The Seeker is always aware of his surroundings. He is often the first to find foes and foil ambushes, spotting danger where others see only their mundane surroundings, or making an intuitive leap about the nature of his prey and anticipating an attack. In the wild, this translates into the role of hunter, tracker, and guide, while in urban sprawls the Seeker becomes a detective, investigator, and questor. As the Inquisition deals with investigating possible threats
and tracking down wanted enemies, a Seeker’s thirst for the hunt and his knack for uncovering the truth makes him a valued part in any Inquisitor’s work. Many an Inquisitor has grown in influence and power due to the efforts of his Seeker.
It is this driving force that can be as much a boon as a curse for a Seeker, and the same obsession that propels him forward can be the same one which keeps him investigating areas he
is unprepared to face. In the darkness of the galaxy, there are uncounted horrors lurking between the stars, in the depths of cold, desolate worlds, and among ancient, forgotten ruins. Many of these lonely domains are places man was never meant to tread, hiding things which have lingered in suspension from aeons long past and vanished from memory. Sensible citizens heed well the teachings of the Emperor and leave such places to the past, turning their minds from wondering what lies beyond the safety of their world. Not so for the Seeker. Once he has taken up a trail, he follows it to its conclusion, the dual nature of his gifts seeking out the truth but also leading him into danger. Those that survive such encounters can come to Inquisitorial notice, and join others with souls strong enough to face such threats.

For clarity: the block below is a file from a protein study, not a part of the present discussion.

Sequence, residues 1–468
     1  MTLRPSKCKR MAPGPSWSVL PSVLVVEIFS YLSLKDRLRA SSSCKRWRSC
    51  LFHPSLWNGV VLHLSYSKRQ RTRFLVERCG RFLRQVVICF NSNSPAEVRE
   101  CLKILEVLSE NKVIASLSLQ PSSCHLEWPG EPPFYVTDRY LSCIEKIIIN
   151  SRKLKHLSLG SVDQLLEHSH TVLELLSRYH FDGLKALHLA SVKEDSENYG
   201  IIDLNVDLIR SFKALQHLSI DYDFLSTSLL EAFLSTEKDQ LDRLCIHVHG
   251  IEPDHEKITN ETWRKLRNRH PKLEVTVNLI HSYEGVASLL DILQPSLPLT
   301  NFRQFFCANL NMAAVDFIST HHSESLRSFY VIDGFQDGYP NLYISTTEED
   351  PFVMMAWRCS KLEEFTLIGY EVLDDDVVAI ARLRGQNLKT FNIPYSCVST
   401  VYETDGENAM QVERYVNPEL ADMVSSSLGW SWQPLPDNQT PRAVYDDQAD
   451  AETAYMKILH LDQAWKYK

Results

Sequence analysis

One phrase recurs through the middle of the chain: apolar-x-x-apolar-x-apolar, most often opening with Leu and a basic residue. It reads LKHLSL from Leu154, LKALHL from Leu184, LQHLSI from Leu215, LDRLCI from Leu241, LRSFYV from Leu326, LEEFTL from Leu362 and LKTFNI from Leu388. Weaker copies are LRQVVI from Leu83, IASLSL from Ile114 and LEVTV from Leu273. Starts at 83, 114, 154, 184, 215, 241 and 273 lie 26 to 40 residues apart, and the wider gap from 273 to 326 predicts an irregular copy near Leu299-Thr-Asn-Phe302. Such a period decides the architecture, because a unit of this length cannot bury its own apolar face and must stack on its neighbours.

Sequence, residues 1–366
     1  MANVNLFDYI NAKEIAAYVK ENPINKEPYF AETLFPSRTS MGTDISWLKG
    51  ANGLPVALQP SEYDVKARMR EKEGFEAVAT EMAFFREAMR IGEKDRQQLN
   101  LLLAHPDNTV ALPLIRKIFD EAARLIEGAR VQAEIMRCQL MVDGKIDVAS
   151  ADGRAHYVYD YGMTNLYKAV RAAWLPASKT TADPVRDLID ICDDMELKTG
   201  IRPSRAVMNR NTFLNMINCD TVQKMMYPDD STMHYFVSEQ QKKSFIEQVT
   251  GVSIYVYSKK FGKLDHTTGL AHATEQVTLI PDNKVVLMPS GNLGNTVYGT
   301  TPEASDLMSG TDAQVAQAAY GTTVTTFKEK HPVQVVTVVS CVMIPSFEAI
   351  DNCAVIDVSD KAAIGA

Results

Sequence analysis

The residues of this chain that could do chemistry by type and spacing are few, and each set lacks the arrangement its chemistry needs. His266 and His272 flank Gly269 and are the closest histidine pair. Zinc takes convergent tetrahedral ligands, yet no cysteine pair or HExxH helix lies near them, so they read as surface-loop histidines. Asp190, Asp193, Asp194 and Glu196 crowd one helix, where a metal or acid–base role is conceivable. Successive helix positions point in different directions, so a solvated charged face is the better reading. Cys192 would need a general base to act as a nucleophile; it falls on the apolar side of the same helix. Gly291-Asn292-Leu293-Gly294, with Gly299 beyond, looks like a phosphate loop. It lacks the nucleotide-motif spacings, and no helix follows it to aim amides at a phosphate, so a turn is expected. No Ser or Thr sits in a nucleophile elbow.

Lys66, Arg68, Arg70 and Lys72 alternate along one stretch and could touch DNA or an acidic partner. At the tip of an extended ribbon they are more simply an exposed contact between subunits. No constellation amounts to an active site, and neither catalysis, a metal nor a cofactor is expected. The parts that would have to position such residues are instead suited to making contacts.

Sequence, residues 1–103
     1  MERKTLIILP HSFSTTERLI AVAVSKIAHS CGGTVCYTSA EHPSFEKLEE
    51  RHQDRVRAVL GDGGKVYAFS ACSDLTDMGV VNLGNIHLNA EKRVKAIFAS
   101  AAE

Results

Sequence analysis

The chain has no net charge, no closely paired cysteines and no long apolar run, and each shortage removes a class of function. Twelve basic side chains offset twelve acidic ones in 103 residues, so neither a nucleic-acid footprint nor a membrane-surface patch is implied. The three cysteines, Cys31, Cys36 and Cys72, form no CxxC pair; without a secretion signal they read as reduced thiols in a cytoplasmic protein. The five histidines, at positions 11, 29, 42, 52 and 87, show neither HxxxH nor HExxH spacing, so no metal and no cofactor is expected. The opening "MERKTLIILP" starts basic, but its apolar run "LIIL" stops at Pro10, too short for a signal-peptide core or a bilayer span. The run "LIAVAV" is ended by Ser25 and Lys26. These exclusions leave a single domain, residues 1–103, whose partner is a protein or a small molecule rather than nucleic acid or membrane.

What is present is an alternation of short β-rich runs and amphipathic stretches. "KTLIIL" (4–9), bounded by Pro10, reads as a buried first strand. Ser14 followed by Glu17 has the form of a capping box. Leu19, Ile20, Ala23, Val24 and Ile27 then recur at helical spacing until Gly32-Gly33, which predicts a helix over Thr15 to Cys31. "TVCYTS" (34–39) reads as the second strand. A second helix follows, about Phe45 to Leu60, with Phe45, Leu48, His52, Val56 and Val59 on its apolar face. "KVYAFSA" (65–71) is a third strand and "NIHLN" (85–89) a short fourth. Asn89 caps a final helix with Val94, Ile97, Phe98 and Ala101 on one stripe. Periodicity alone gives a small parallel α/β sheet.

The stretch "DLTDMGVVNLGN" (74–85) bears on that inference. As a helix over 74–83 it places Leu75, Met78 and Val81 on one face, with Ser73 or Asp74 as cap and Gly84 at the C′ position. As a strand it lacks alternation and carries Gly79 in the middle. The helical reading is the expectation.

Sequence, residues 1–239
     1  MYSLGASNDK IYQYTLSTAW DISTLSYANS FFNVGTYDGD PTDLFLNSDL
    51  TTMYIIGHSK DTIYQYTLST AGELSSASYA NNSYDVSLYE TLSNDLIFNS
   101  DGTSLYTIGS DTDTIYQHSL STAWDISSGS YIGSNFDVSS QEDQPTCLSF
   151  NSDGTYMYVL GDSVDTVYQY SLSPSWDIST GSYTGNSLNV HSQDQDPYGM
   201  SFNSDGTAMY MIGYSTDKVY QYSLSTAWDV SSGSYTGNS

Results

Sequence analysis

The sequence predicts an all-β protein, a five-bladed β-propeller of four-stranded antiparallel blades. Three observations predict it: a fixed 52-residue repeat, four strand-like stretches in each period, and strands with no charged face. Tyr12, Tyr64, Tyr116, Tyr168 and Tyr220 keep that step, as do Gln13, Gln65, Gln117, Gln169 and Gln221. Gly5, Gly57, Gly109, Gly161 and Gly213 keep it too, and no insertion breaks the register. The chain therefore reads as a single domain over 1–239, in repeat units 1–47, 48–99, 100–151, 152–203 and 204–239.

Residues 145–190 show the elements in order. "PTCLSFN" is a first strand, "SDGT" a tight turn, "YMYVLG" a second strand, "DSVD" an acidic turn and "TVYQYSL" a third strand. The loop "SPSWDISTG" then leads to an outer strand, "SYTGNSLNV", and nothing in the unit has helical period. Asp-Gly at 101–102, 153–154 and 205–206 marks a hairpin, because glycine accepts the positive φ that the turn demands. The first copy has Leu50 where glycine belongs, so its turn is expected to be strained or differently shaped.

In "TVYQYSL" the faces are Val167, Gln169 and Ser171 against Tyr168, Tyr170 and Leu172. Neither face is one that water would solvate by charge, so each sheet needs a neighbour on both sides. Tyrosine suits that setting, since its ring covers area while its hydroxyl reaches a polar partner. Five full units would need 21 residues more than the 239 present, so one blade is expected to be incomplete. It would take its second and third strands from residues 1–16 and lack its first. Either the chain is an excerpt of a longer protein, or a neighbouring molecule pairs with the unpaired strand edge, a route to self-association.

Once part of such a warband, he can be brought to bear against heresies, xenos infestations, and other dangers, but his searches can drift from desired directions. No mystery is so simple as to end with a single resolution, and often the investigation of one heresy uncovers other threats to Mankind. Maintaining proper focus becomes essential, and his fellow Acolytes may have to restrain a Seeker from moving to a new mystery before their current operation is complete. Seekers rarely abide secrets, and as many Acolytes have unsavoury pasts, a Seeker can cause friction unless his natural tendencies are curbed.
Where there are criminals, apostates or heretics there are those tasked with catching them and bringing them to justice. Whether a Seeker is a hive world hab-block Enforcer or the head huntsman on a feral world, he forms a key part of Imperial society. Highborn Seekers, though some in their social class might frown on their activities, can work their way into positions of power, where they can best use their talents and indulge in their obsessions. As overseers and overlords of hive levels or even entire worlds, they can direct the Enforcers under their command to root out enemies and maintain desired order. More baseborn Seekers on these developed planets take a more frontline position and walk the habways or conduct investigations, moving among the people as Enforcers. In these instances and more, a Seeker who excels at his job may gain the personal interest of an Inquisitor. This could be by displaying a near-unnatural sense about an investigation where his peers have come up short, or because of a powerful knowledge andunderstanding of the criminal mind that no institution can teach.
Seekers on more sparsely-populated areas such as feral planets or void installations have fewer resources to call upon, and must make do with whatever their environment has to offer. This makes them hardy and resourceful, often calling on superior knowledge of hostile environments to entrap or bring down their prey. These kinds of Seekers are also often adept at survival, having to live for long periods away from any comforts while hunting prey along their world’s fringes.